If you routinely outpace your satiety signals by eating really, really fast, then the makers of this device are hoping that it may be just what the doctor (or dentist) ordered. Called, SMART for “sensor monitored alimentary restriction therapy”, this plastic palate insert reduces your oral capacity so you have to take smaller bites and chew your food more thoroughly.
You pop it into your mouth, over the upper palate to be exact, just like you used to do with your post-braces retainer (remember that annoying device?). Unlike the retainers of the good old days, this device has a built-in sensor to tell you when you don’t use it.
The inventor’s story
SMART was invented by a skinny woman with a condition called torus palatinus who noted that she was always the last one to finish a meal because large bony protrusions in her upper palate reduced her oral capacity. Because she had to eat slowly, she was able to slowly intake food and allow for the body’s natural satiety mechanisms (gut hormones) to do their work. She wanted to share her secret to dietary success.
But does it work?
In an uncontrolled study that appeared in the journal Obesity, 20 overweight and obese participants who self-identified as “fast eaters” were prescribed a healthy diet and the device. Only 16 people completed the study and the devices were not used for every meal (the average use was about 10 meals/week). This may have been because the device made people gag and lisp. In fact, some of the participants felt so self-conscious that “they either ate their lunch alone at work, avoided lunchroom conversations, or avoided wearing it altogether.”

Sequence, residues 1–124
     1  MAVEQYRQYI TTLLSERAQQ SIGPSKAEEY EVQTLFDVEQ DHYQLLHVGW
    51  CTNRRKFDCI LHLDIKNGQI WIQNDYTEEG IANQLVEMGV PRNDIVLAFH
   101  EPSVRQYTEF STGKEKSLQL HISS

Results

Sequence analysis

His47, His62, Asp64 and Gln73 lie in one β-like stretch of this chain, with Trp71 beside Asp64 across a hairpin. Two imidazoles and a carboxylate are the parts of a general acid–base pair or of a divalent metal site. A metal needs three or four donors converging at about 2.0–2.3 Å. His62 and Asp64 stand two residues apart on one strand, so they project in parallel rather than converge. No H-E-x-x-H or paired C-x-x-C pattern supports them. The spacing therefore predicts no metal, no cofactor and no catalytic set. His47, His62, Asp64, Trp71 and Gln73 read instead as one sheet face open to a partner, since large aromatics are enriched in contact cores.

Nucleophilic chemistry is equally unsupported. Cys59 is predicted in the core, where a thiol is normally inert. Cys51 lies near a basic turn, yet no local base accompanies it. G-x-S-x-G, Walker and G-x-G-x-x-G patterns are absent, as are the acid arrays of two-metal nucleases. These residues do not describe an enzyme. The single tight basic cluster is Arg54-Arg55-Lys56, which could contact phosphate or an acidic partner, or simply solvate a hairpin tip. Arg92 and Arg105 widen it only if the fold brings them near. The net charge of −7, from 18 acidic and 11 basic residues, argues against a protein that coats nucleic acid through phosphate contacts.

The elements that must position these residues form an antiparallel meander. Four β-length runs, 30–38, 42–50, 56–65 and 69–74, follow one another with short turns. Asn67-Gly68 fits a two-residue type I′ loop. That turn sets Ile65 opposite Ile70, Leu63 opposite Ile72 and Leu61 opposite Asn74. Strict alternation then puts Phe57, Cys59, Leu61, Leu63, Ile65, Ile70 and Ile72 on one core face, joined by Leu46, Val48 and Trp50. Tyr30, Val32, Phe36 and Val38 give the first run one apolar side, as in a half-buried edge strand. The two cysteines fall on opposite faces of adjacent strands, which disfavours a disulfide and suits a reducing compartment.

After 16 weeks, the mean weight loss was five kilograms with an associated reduction in waist and hip circumferences. All of the unfortunate folks in this study reported eating more slowly and being more conscious of portion size and satiation (these are very good things).
The bottom line
In a story about the device, the President of Obesity Canada, Dr. David Lau says the paper shows “proof of concept”. I am sorry, but I don’t think it shows much, if anything, because the “n” was only 16 and there was no control group. In fact, I wonder how the authors got this paper, which was paid for by the SMART manufacturer, Scientific Intake, published in such a good journal in the first place.
But I am digressing from what is an important point. Eating slowly is a simple strategy that may be an effective adjunct to a healthy weight loss diet. Personally, I prefer a “mindful eating” approach as opposed to a plastic palate gadget that makes me gag…but, as they say, different strokes for different folks, right?
Update 08/25/17: The SMART device received FDA approval in October 2016. It is now being marketed in combination with a tracking app and access to coaches.
Here are some additional resources on the impact of mindful eating on weight loss: